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```212                       Screiv-cutting in Lathe.

by machine, and next filed with a smooth file to obliterate the
tool marks. We will indicate the plates by the numbers in
Fig. 2230. First (r) and (2) are scraped and tried by the colour-
patch method, then (2) and (3), and, finally (3) and (i), the cycle
of operation being repeated until all fit together with great
accuracy. The reason for this method is shewn in the diagram.
Thus—(i) and (2) may happen to be convex and concave ; then
(2) and (3) would be made concave and convex. But if (3) and
(i) be now put together, the convexity (or concavity) of both will
be apparent, and may, of course, be corrected. But when all
three fit equally well they must clearly be equally true.

Although fitting processes are less performed now than hereto-
fore, yet all the best work is trued up by the last-described
methods, after it comes off the machine, for however perfect the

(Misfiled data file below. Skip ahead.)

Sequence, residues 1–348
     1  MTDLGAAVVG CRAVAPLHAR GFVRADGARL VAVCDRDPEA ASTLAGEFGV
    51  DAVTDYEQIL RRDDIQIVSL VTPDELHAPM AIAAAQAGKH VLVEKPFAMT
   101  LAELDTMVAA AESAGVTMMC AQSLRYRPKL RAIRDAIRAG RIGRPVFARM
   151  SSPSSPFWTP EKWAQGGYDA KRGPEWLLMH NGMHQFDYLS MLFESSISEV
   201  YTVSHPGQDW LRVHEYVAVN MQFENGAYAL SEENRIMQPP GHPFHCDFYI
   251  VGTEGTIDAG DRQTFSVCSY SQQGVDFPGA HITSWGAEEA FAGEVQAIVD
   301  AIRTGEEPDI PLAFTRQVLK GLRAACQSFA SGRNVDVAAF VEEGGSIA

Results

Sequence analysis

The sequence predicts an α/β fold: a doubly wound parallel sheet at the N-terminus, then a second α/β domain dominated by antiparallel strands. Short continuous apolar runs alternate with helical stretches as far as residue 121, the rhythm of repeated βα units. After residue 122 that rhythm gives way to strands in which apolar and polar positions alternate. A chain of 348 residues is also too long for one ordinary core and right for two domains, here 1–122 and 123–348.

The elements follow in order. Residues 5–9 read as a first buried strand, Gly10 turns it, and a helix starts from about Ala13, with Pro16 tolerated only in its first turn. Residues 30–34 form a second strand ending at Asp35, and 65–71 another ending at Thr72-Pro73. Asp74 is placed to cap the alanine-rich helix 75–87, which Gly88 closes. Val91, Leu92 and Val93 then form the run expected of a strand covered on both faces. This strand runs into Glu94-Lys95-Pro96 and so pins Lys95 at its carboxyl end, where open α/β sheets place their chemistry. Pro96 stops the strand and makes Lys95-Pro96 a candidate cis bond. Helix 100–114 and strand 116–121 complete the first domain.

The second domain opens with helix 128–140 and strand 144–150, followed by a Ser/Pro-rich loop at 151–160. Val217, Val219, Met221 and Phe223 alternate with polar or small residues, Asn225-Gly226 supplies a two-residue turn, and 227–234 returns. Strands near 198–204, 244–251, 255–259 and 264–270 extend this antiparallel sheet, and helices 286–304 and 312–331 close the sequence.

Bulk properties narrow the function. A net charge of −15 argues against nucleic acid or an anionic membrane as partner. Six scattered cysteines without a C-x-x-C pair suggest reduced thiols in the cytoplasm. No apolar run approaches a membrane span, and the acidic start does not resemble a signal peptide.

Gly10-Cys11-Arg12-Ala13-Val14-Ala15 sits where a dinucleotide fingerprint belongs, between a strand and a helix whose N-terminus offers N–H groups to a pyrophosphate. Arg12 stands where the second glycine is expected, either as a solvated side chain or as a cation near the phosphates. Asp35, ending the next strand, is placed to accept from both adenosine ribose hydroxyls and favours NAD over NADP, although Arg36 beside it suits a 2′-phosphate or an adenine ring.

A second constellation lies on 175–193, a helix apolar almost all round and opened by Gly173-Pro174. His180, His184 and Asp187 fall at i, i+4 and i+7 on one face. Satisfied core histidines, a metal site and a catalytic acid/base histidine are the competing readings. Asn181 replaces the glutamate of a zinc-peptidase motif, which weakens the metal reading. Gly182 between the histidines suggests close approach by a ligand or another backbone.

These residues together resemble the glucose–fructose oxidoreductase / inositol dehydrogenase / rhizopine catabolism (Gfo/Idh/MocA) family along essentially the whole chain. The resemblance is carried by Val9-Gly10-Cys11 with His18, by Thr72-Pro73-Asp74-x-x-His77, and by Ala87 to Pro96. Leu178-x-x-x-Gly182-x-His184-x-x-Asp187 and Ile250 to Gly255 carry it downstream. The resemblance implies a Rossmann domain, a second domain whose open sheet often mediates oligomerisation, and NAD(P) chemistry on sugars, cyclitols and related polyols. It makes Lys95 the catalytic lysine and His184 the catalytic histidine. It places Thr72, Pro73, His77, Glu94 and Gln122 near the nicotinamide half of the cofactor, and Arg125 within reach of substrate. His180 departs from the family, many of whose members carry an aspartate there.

latter may be, there is always some little distortion caused by
clamping the work, which, though slight, must be removed if
great.accuracy be required. (See Appendix //,/. 814.)

Cutting a Screw in the Lathe.—This cannot be fully
discussed until velocity ratio of toothed gearing has been entered
on, but the practical considerations may be detailed. It will be
clear, from what has been said in Chapter V., that if the leading
screw be connected to the mandrel in such a way as to revolve at
the same rate, a tool of the shape shewn in Fig. 224 will cut a
screw groove on the spindle that has been centred in the lathe,
of the same pitch as the leading screw thread. If, on the other
hand, the mandrel were to rotate at twice the velocity of the
leading screw, a screw of half the pitch would be formed on the
work, or of twice the number of threads per inch. Summing up
then, the pitch obtained will depend on the relative velocities of
mandrel and leading screw, a proportionately quicker speed of
mandrel giving a finer thread, and a slower speed a coarser thread.
The consideration of the proper change wheels to be introduced
will be left for Part II., but we may here point out that when
both shafts turn in the same direction the screw produced will be
right-handed (viz., same as its leading screw), and when revolving
oppositewise a left-handed screw will "be the result (Seep. 484.)

The correct section of V thread, as adopted by Sir Joseph
Whitworth, is shewn at Fig. 225, one-sbfth of the theoretical```